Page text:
Holt finalist!/writing tip

» Posted on Mar 28, 2005 in Blog | 3 comments

What the Heart Knows, my January 2004 Love Inspired, is a finalist in the Holt Medallion Contest for short inspirational category. With that said what I really want to talk about is character development. Over the next several weeks I will be talking about (not every post–just the writing tip ones) how to make your characters three dimensional.
Background/environment:

The past–your character’s background–is very important in molding who he is today. Where was he born? Lived most of his life? Is he from a small town or a big city? That will make a difference in your character’s outlook on life. Did he grow up in a family, foster care? What is his birth order–oldest, youngest in his family? What kind of environment did he grow up in–a nurturing home or a home where he got little love?

From all the question in the above paragraph you can see how essential it is to have a clear picture of your character’s background (childhood, teenage years). So much of what we are is formed during those times. Our dreams and fears develop then. I have to admit this is where I go first when coming up with a character and deciding what his goals, motivations and conflicts will be.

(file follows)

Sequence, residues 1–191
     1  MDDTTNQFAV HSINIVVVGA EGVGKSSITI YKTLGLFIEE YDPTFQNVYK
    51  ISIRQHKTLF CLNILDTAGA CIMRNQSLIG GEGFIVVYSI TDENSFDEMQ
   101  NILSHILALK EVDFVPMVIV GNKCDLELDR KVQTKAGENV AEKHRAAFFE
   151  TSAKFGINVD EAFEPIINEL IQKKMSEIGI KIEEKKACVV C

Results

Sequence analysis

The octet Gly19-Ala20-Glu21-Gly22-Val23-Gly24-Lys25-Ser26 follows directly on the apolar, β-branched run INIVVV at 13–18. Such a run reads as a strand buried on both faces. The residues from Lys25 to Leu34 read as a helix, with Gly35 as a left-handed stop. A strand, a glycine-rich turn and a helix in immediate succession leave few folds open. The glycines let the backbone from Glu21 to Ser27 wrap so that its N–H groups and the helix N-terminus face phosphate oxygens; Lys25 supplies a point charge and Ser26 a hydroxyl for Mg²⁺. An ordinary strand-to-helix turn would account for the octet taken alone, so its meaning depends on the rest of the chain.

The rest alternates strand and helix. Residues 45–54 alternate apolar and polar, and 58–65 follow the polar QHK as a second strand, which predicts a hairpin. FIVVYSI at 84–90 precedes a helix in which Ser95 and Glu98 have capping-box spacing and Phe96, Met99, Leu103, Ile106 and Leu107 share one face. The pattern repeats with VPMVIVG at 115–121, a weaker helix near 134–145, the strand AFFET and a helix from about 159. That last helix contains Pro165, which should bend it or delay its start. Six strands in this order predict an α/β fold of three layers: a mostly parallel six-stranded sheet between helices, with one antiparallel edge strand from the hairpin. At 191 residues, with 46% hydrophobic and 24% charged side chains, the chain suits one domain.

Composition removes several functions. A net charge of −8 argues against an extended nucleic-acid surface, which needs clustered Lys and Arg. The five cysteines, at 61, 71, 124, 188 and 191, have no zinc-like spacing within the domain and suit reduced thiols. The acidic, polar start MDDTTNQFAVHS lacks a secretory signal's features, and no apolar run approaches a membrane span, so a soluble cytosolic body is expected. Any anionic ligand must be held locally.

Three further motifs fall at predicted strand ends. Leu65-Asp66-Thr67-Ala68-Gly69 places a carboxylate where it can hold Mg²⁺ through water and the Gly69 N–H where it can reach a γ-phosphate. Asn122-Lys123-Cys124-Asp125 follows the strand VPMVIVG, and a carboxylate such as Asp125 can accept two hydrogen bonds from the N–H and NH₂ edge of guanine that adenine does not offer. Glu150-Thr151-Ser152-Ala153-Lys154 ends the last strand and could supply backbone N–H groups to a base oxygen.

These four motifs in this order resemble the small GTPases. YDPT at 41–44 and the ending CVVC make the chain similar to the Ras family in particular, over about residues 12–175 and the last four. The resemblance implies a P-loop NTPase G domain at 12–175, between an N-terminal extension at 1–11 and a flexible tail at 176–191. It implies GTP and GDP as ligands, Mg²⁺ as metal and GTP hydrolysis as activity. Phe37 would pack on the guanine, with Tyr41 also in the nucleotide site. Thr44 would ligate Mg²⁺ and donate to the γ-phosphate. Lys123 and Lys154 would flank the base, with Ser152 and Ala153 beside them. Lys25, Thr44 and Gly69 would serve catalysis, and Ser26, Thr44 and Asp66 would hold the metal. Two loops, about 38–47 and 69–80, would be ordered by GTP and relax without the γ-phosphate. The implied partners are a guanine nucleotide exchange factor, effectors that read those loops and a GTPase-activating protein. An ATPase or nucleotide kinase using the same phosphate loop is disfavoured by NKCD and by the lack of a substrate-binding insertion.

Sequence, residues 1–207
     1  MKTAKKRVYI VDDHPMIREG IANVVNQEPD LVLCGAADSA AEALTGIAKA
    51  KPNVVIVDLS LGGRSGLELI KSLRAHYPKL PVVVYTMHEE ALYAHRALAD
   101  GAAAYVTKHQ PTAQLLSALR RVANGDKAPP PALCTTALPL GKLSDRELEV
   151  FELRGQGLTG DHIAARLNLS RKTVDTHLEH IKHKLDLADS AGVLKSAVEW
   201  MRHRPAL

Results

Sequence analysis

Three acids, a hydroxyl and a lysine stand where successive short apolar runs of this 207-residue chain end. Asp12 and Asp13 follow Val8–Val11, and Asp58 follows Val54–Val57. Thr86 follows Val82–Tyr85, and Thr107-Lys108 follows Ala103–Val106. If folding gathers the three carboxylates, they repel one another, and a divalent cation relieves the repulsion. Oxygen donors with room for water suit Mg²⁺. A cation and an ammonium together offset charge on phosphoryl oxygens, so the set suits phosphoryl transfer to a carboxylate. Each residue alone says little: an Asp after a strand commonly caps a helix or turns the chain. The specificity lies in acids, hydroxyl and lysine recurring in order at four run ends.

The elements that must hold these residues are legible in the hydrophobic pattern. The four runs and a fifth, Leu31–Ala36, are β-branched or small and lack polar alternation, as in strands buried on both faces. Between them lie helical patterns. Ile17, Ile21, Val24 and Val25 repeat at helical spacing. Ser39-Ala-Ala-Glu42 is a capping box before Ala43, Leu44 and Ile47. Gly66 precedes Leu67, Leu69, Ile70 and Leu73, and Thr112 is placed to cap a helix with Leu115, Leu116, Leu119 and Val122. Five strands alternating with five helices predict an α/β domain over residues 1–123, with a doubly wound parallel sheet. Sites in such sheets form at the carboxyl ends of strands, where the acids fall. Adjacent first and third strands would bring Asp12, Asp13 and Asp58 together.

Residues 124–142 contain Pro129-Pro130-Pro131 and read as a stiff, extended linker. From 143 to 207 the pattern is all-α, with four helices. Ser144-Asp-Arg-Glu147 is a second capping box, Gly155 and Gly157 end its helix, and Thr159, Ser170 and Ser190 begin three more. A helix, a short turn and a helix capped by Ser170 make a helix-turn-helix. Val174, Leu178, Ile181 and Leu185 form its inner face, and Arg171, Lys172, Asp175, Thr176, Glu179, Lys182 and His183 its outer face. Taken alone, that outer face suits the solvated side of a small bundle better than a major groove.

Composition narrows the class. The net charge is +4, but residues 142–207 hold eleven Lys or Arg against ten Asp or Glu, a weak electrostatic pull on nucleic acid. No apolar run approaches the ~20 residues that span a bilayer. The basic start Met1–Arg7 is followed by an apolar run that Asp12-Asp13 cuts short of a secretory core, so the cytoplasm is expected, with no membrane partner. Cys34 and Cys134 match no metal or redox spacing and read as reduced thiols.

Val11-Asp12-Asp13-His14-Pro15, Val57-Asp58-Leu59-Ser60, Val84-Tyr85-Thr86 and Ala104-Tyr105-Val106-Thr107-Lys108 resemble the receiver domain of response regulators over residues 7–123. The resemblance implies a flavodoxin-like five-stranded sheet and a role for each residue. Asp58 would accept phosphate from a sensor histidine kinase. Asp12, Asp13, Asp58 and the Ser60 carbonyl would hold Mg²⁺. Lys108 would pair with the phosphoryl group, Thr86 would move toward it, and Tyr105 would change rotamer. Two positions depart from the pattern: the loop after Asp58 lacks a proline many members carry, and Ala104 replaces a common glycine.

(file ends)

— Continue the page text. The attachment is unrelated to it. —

We’ve all seen the stories where we pit a city bred character against a country bred one because the differences are there to play off of. We’ve also seen a character who is street smart played off of a character who has a doctorate in something. Again all this comes from their background.

One of the biggest aspects of a person’s background that will shape him is his family so when coming up with your character really decide what kind of family he grew up in. Small family? Big? Loving? Cold? There are so many things you can do with this that his family life can be a big area to draw your goals, motivations and conflicts from.

For example: In SADIE’S HERO, my third Love Inspired book, my hero had a rough childhood. When he was young, he lost his family in a fire which he witnessed and had to stand helplessly by and watch everything he loved go up in flames. Then he was raised in foster families (many) where he caused problems. This made him driven to succeed at all costs which was one of the major issues in SADIE’S HERO. He became a workaholic, determined to make it to the top in the company he worked for to the exclusion of everything else. You can see how his background could be used for developing my plot in the book.

Think about one of your characters whom you are writing in your current book. Take a look at his background and make sure it is fully developed. The more it is the easier it will be to come up with your character’s goals, motivations and conflicts.

3 Comments

  1. Congratulations on finalling!!

  2. Congrats Margaret!!

  3. Suzanne and Heather, thanks!

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